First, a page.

Justice: “We turned down remixing Tame Impala as the original song was too good”

Justice: “We turned down remixing Tame Impala as the original song was too good”

Justice’s brilliant, bombastic new album ‘Hyperdrama’ is their first in more than eight years. The French electronic duo’s previous albums – 2007’s slamming ‘Cross’, 2011’s softer, proggier ‘Audio Video Disco’ and 2016’s disco-leaning ‘Woman’ – were also well spaced out. “We really started this album in the mindset that we had, like, unlimited time,” says Xavier de Rosnay, the more talkative of the pair. “Because by the time we started, ‘Woman’ had already been out for four years. It’s always been like this in Justice: every time we start working on a new record, we’re already too late to be in a rush.”

Justice also believe in giving their music time to “brew”, so they made ‘Hyperdrama’ by hunkering down in the studio one week, then taking a break the next. “It’s good to have some perspective on what you’ve just done,” says Gaspard Augé, de Rosnay’s slightly quieter bandmate. “And then [that way] you can refine stuff way quicker because when you’re too much into it, then you can lose a bit of the general picture.”

Justice’s measured methods definitely produce explosive results. Since they broke through in 2006 with an incredibly influential electro house remix – ‘We Are Your Friends’, credited to Justice vs Simian – they’ve become known for pairing arena-ready dance music with heavy metal-inspired visuals. ‘Hyperdrama’, which features collaborations with Tame Impala‘s Kevin Parker, alt-R&B star Miguel and psychedelic genre-blender Thundercat, among others, is a punchy, pummelling, immersive listen. Lead single ‘One Day/One Night’, a team-up with Parker, feels as sleek and lethal as a panther on the prowl.

According to de Rosnay, ‘Hyperdrama’ is designed to be digested slowly over time, so it can grow on you like an acquired taste. “It’s full of moments that are meant to be a bit unsettling,” he says. “So the ideal plan is on first listen, you like some parts of it and some parts you’re like: ‘Is this for me?’ But then you come back to it and it becomes the most important record of your life.”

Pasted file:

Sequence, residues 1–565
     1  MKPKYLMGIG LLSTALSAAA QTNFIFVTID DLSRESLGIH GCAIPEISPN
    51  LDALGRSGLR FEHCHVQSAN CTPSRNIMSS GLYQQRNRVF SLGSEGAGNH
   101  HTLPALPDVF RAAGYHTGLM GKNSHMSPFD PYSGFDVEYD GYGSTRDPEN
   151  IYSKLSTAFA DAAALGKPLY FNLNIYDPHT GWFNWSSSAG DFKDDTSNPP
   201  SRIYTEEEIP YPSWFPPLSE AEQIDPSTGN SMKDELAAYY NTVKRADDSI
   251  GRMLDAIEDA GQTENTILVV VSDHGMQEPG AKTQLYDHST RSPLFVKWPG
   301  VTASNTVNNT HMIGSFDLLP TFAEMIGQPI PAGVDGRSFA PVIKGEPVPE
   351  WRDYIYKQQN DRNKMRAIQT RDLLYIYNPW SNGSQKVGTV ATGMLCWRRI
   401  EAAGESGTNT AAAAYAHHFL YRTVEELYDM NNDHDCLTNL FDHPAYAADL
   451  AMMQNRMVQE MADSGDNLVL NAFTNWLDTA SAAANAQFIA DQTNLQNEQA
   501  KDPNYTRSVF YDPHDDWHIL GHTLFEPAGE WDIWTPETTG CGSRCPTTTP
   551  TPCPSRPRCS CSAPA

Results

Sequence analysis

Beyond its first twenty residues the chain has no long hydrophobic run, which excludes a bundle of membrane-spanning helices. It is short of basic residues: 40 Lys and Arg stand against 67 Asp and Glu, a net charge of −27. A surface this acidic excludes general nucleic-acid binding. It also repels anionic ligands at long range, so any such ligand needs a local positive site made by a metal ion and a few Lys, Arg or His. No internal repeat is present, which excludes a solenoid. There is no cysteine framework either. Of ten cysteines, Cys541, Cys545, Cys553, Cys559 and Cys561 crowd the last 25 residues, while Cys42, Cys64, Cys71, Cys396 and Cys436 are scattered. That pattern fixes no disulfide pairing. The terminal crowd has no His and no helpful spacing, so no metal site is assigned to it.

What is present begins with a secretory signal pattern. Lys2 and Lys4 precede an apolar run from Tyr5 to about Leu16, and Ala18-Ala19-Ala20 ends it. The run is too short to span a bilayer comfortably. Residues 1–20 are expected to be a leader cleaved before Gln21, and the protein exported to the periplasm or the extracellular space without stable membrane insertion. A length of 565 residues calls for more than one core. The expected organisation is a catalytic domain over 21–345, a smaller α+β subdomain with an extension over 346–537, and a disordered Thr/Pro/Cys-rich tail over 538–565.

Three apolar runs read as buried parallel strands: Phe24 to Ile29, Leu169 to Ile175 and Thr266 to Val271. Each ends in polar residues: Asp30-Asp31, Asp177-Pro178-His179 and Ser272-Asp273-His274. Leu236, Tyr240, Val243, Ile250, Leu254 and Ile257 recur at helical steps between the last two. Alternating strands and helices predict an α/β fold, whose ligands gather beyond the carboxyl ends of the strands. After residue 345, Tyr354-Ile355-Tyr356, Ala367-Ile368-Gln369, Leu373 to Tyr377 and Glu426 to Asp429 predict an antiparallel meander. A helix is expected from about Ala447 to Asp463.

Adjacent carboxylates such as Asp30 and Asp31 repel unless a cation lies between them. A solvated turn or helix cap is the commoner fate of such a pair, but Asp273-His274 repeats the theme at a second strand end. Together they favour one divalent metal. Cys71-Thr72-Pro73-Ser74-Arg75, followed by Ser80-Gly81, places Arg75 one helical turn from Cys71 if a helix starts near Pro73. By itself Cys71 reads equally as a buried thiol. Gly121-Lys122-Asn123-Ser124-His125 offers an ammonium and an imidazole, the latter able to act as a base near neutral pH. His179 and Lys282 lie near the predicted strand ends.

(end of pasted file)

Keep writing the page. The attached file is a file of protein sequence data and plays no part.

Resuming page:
In a wide-ranging In Conversation interview, they talk about moving away from making remixes, the limits of their interest in heavy metal music and why there will never be another Justice tour documentary.

There are two tracks on the album featuring Tame Impala’s Kevin Parker: ‘Neverender’ and ‘One Night/All Night’.  What made you want to bring him on board?

Xavier: “We’ve been listening to Kevin’s music from almost the beginning… To be honest, we liked the first album, but we really understood the genius of Tame Impala before the release of their 2012 album ‘Lonerism’ when we were sent ‘Elephant’ to remix. We had to turn it down because the song was too good. We replied saying: ‘Sorry, we can’t think of anything we could do that potentially is going to make it better.’ The song was perfect and hitting so many things right at the same time.

“And then things started to unfold [for Tame Impala]. People who listen to electronic music, people who listen to rock music, people who listen to pop music… everybody was thinking: ‘OK, that’s the best thing happening right now.’ And so we always had him in the corner of our minds. Then we started working on our album and felt it was the right moment to try something. Because although Tame Impala’s music and ours is very different, listening to the evolution of Tame Impala, we felt that the common ground is really big. There’s a lot of things we share in terms of, like, taste and ways of making things.

“And so we got in touch, I think, in late 2020 or early 2021. And we were working on those songs over the span of a couple of years: meeting, working a bit, going our separate ways, then meeting again six months later to maybe work on the beat again. That’s a very good way of making things. It’s like when you brew a liquor: you let it age in the barrel or whatever, then come back a couple of years later to taste it again.”

Heavy metal has been an influence on Justice from the start. Would you ever want to work with a metal vocalist?

Gaspard: “[For us] it’s mostly about the imagery [of heavy metal] and obviously in the beginning the distortion. But we never really felt like [metal] was a huge influence on us. And probably the thing we like the least in metal is the vocals. We liked the classical influences… and mostly the imagery. It’s still fascinating.”